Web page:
Without the basics, Indigenous girls still can’t participate in society

Reports earlier this week that Aboriginal girls from remote communities had been missing school during their periods came as little surprise to me.

On reading these reports, I saw a number of charitable organisations devoted to the provision of menstrual products to those in need step up and encourage people to donate so these girls had supplies available for them to access. The work such organisations do with homeless women, low socioeconomic status women and Indigenous communities in need is to be commended. Yet in my opinion, the very fact that we have to rely on the work of charities to provide pads and tampons in the first place is incredibly troubling.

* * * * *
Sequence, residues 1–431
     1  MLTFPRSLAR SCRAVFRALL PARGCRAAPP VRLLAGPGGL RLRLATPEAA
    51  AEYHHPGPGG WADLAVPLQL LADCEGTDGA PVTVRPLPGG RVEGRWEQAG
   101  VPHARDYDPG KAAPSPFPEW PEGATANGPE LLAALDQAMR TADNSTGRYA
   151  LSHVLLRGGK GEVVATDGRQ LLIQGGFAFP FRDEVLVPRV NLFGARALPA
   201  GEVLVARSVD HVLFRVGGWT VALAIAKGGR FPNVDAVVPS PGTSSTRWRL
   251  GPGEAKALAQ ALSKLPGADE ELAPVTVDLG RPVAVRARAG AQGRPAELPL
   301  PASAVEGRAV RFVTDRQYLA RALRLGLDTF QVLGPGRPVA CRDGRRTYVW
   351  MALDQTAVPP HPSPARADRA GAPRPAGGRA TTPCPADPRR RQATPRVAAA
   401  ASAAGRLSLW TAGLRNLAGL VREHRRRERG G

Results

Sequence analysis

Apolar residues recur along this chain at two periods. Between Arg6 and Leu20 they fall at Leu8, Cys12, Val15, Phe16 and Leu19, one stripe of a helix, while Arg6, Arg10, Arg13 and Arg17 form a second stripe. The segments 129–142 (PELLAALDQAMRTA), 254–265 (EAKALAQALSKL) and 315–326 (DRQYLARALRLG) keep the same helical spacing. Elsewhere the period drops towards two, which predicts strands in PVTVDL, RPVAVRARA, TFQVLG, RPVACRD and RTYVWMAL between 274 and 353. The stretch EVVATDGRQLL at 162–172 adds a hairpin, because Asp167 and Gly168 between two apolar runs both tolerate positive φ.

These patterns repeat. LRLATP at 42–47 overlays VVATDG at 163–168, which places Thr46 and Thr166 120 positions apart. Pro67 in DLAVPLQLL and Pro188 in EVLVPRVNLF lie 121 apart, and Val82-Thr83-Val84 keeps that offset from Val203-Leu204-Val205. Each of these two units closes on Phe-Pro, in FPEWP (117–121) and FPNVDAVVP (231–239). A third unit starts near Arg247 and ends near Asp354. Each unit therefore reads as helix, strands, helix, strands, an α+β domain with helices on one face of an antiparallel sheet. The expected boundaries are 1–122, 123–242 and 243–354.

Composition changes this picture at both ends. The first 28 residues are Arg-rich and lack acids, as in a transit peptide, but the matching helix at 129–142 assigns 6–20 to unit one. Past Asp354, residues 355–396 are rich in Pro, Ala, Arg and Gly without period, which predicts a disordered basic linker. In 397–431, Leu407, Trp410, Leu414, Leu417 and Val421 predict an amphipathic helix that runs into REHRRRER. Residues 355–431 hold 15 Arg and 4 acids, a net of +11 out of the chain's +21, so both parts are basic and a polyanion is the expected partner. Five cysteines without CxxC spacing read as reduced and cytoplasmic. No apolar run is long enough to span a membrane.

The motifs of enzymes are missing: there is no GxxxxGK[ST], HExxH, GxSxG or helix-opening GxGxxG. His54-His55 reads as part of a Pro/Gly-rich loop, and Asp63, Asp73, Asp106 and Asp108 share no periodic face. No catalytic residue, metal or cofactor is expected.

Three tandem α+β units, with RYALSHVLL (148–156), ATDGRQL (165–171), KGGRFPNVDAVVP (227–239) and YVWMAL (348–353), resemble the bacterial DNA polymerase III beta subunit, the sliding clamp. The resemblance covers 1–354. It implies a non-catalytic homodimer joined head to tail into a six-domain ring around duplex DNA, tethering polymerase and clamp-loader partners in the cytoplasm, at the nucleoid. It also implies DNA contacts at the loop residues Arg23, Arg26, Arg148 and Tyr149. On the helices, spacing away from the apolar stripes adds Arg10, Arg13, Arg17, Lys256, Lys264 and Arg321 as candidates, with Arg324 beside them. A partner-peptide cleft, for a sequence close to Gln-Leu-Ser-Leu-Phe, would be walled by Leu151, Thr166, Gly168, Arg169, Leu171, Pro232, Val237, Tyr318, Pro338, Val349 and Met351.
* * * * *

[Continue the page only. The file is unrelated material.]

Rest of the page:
Around half the population will undergo the normal, natural process of menstruation throughout the course of their lives. It’s bad enough that there are corporations getting rich off that fact while producing ads about blue liquid. It’s even worse that the government sees fit to continue having a tax on these items, treating them as luxuries rather than necessities and effectively financially penalising those who dare to bleed. Yet combine capitalist gain and government greed with service provision in remote areas: suddenly women and girls are expected to pay $10 per packet for the privilege of menstruating.


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